This website was developed by undergraduate biology researchers working with Dr. Karen Bernd at Davidson College.

Reactive Oxygen Species (ROS)

ROS and Lung Health

Model of Alveoli

Each breath brings new sources of gases, including the ROS, ozone, in contact with the 'air side' of a lung cell. The blood carries ROS and other oxidants to lung's cell's 'blood side', and the cell's own metabolic reactions produce additional ROS.

In certain situations, ROS cause oxidative stress on lung cells. Under substantial oxidative stress, lung cells are not repaired effectively and lung function is reduced, leading to lung disorders like Acute Respiratory Distress Syndrome (ARDS) or chronic obstructive pulmonary disease (COPD) (Todokoro, 2004). Understanding what happens as a result of the ROS contacting the cell and what factors change a cell's threshhold of tolerance will help us determine how we might combat, reduce, or prevent these lung diseases.


What are ROS?



ROS stands for reactive oxygen species. It is a general term for free radicals and peroxides that have unpaired electrons and that will therefore oxidize various compounds. A common oxidation reaction is a rusting nail. The oxidant has 'grabbed' electrons from the nail to fill up its unpaired set (see the single electron in the Lewis structure of superoxide). Over time, as this reaction happens more, the nail literally begins to fall apart. In a cell this sort of 'electron grabbing' is an important way that components of the cell pass energy. However, ROS aren't picky, they grab any electron that isn't held on to tightly enough. That means that if there are more than enough ROS to go around the oxidant molecules will end up grabbing electrons and pull apart molecules that the cell needs (cell membrane part, receptors, enzymes, etc).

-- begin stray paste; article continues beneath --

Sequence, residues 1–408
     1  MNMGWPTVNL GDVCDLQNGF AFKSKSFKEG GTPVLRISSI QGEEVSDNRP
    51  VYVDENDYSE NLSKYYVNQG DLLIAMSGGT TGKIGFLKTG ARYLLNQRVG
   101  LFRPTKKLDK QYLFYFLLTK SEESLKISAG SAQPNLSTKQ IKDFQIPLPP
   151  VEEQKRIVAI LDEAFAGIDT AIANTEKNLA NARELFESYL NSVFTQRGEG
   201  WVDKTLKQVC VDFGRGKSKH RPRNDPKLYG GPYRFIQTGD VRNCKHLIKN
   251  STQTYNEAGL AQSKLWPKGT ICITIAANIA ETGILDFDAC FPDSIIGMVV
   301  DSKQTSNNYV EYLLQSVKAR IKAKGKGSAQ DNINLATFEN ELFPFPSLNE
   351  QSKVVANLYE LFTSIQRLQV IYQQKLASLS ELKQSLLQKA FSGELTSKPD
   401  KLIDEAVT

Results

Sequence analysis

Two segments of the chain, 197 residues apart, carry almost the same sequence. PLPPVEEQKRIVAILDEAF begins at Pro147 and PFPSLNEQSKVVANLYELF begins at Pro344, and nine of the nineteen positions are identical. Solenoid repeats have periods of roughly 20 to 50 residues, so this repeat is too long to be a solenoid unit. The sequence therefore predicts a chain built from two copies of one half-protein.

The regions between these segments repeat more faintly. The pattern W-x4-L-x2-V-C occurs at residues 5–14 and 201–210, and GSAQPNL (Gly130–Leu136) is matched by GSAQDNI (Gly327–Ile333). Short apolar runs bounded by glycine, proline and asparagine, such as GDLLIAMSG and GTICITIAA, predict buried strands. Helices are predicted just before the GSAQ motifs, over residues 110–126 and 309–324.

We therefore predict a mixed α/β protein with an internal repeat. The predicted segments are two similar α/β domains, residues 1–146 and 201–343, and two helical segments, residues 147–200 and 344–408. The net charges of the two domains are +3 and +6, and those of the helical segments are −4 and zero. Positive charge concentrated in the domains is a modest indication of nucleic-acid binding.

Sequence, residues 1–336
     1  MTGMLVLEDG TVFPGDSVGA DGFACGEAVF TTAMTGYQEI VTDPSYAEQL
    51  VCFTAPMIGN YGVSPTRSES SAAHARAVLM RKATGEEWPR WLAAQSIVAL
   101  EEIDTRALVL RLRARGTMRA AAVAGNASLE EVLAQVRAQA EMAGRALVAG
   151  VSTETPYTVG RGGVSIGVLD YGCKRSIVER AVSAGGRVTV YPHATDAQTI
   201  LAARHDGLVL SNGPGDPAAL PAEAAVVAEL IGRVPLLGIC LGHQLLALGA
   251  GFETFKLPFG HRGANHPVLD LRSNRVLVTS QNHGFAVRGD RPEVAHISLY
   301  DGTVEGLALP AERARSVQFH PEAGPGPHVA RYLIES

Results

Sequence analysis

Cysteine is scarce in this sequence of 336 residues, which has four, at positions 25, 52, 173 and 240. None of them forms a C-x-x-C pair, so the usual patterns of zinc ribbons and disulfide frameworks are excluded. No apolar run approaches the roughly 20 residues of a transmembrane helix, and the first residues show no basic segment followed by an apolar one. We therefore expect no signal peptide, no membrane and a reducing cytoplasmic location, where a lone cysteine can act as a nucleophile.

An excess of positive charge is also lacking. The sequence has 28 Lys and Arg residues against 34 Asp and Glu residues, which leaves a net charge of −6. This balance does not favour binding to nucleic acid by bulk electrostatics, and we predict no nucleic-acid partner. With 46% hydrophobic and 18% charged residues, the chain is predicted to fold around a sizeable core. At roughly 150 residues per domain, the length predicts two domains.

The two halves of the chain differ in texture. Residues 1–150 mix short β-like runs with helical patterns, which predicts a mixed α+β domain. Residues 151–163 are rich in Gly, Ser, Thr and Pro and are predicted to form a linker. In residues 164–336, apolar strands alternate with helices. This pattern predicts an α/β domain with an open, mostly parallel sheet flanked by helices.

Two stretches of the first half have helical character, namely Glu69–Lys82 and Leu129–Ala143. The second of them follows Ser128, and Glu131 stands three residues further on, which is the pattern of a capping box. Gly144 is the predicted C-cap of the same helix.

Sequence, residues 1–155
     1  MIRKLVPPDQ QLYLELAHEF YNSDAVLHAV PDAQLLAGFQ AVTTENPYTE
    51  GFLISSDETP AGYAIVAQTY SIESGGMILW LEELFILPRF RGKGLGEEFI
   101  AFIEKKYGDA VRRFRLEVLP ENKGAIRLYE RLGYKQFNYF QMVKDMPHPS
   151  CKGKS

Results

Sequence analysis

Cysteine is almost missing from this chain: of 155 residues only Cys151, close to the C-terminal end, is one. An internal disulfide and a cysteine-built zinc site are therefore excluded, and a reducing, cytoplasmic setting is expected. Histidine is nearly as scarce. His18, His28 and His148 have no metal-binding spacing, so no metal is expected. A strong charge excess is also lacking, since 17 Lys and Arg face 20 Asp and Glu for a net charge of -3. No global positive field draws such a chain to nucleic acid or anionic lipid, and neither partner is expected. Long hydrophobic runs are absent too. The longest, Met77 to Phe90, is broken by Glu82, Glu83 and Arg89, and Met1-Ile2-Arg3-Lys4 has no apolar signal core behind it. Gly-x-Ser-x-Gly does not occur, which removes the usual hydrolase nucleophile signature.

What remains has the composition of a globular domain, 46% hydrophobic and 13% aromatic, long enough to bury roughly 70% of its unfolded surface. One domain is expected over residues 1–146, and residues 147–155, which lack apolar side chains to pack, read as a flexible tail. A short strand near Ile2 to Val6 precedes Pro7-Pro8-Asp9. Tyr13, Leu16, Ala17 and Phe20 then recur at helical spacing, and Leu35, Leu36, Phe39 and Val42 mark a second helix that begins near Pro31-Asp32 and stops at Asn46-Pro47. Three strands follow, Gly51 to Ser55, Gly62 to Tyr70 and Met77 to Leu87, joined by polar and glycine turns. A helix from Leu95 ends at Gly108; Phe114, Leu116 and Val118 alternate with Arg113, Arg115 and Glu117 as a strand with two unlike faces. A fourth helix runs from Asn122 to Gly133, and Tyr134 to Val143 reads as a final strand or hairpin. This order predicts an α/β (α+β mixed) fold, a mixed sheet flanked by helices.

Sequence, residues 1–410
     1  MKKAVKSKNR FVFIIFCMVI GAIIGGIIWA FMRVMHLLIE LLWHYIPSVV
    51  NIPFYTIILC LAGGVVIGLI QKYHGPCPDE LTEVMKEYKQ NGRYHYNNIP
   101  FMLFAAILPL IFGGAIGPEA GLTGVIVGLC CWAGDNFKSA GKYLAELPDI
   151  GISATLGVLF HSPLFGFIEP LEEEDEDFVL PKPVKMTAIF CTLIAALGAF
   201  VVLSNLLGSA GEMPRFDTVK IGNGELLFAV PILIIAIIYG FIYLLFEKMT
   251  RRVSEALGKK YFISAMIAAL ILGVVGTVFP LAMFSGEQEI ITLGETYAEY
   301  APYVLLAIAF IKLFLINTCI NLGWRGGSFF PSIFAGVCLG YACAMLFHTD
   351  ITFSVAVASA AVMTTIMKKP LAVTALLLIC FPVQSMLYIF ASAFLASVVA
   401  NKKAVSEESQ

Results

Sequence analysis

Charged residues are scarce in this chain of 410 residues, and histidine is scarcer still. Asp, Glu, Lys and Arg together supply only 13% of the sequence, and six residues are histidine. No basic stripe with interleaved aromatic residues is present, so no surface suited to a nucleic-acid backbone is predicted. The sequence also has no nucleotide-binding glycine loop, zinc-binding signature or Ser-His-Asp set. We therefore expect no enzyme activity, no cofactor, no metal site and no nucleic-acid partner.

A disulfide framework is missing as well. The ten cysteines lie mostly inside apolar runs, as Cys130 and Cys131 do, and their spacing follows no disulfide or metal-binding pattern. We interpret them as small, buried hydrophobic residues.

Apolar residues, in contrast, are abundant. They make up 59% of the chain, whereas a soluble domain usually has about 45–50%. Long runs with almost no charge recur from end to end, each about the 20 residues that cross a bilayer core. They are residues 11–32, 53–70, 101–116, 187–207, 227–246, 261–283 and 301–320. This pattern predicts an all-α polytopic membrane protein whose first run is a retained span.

How are ROS produced?

Model of oxidative phosphorylation and ROS

  • ROS are produced naturally as a product of cellular metabolism.  During oxidative phosphorylation (the process in which cells produce ATP, the universal energy molecule), electrons are passed to electron carriers called cytochromes.  The final electron acceptor is an oxygen molecule.  Typically this reaction will combine with hydrogen to form water, however in small amounts, peroxide is produced, one of the common reactive oxygen species (Poyton, 2009).   
  • ROS are also produced by environmental oxidants such as ozone when they interact with molecules within the body or oxidize cells directly (Todokoro et al., 2004)

ROS Threat

  • Reactive oxygen species can cause damage to all components of cells (Cederbaum 2009)
    • They oxidize fatty acids and amino acids, the building blocks of fats and proteins (Cederbaum 2009)
    • They inactive enzymes by oxidizing cofactors effectively 'breaking' these cellular machines (Cederbaum 2009)
    • They damage DNA (Cederbaum 2009)
  • Under mild to moderate oxidative stress, cells will undergo apoptosis (programmed cell death) (Todokoro et al., 2004)
  • Under severe oxidative stress, cells will undergo necrosis (premature cell death) (Todokoro et al., 2004)

Defense from ROS

Chemical structure of glutathione

Cells in our bodies naturally produce antioxidants and enzymes to defend against reactive oxygen species. One of the most common antioxidants is glutathione. These antioxidants provide a buffer between the cell and ROS by providing electrons for the oxidants to 'grab' and thus protecting the cells from the harm of oxidative degradation. In addition, the enzymes also latch on to ROS and metabolize them into harmless forms (like seen in the detoxiciation of H2O2 the image above) (Brown, 2001). Other enzymes are responsibe for regulating how many of the antioxidant molecules are made or for recycling the oxidized glutathione so that it can be used again.

Send comments, concerns or questions to Dr. Karen Bernd